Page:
Tuesday Morning LitLinks

Crypt Thief

 

THE CRYPT THIEF, by Mark Pryor, is the second outing for protagonist Hugo Marsten and it’s available today. (DA Confidential)

Fictional mothers and the parenting books they might write, courtesy of (BookRiot)

And if your real mother is a reader, here are some suggestions from (The Christian Science Monitor)

Behold: The Vigilante Copy Editor. (The New York Times)

Harlan Ellison recounts the day he beat up his publisher in (The Los Angeles Times)

Tom Canty talks about his stint as a starving artist in (The Telegraph)

The Czech Republic pushes onto the publishing world’s radar. (The Prague Post)

Anne Bronte’s headstone has been wrong for 164 years, but it’s fixed now. (BBC)

Did you know MOBY DICK has become a card game? (Salon)

No more sales tax -free books from Amazon. Bookstores rejoice. (GalleyCat)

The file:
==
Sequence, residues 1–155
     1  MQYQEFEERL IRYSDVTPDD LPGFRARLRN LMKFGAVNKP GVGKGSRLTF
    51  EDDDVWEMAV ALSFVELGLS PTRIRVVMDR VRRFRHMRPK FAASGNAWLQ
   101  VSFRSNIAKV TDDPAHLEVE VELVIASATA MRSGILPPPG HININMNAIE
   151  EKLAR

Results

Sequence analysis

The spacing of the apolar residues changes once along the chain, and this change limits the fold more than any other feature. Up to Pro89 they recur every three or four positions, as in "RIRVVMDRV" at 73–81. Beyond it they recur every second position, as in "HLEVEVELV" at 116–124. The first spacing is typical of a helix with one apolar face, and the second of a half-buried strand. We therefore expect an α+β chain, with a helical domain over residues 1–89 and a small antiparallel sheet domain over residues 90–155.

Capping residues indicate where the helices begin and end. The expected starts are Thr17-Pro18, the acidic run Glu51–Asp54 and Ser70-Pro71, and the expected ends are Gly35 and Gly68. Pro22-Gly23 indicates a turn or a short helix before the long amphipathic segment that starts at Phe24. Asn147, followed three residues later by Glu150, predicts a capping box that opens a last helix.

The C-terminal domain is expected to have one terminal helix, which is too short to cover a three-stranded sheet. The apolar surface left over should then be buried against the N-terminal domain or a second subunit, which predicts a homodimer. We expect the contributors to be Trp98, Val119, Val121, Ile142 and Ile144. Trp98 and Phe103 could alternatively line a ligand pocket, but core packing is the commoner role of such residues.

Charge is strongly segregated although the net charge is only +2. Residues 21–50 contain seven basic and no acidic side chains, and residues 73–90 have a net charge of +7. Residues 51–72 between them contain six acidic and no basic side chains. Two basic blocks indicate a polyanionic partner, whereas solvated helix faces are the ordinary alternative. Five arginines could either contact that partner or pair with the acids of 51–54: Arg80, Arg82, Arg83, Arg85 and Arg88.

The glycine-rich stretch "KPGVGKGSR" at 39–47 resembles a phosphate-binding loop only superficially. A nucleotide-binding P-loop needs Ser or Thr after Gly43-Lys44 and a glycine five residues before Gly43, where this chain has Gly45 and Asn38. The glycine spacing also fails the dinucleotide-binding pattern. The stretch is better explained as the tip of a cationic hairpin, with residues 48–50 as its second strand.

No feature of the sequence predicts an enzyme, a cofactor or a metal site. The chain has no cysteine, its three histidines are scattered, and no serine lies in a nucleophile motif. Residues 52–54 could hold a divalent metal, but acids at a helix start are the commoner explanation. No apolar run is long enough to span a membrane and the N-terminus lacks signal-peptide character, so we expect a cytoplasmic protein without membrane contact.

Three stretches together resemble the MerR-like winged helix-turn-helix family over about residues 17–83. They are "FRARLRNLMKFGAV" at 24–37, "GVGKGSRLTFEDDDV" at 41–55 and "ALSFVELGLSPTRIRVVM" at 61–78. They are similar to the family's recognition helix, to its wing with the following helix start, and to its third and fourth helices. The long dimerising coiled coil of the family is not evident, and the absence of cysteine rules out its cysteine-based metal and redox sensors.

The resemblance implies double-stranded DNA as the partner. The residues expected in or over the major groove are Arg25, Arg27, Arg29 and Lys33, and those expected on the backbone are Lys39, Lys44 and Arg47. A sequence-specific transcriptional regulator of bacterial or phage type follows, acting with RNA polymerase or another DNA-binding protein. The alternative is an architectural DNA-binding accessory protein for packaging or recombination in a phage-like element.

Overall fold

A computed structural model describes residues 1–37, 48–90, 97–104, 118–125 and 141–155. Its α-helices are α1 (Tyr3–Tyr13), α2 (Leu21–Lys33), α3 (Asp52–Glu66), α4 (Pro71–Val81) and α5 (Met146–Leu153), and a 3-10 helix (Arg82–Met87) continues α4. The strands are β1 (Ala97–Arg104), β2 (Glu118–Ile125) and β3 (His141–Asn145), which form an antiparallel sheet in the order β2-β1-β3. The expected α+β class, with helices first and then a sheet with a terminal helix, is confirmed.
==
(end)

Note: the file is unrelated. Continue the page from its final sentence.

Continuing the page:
Charlaine Harris talks about the last Sookie Stackhouse novel with (The Chicago Sun Times)

“On this day in 1932 William Faulkner reluctantly arrived in Hollywood to begin work as a screenwriter, a labor that would last, on and off, for twenty years. Faulkner was thirty-four years old at the time, and had already published four of his Yoknapatawpha County novels (including The Sound and the Fury and As I Lay Dying). Though far from a popular success, he was regarded by his peers as one of America’s most talented young writers…..” (Today In Literature)

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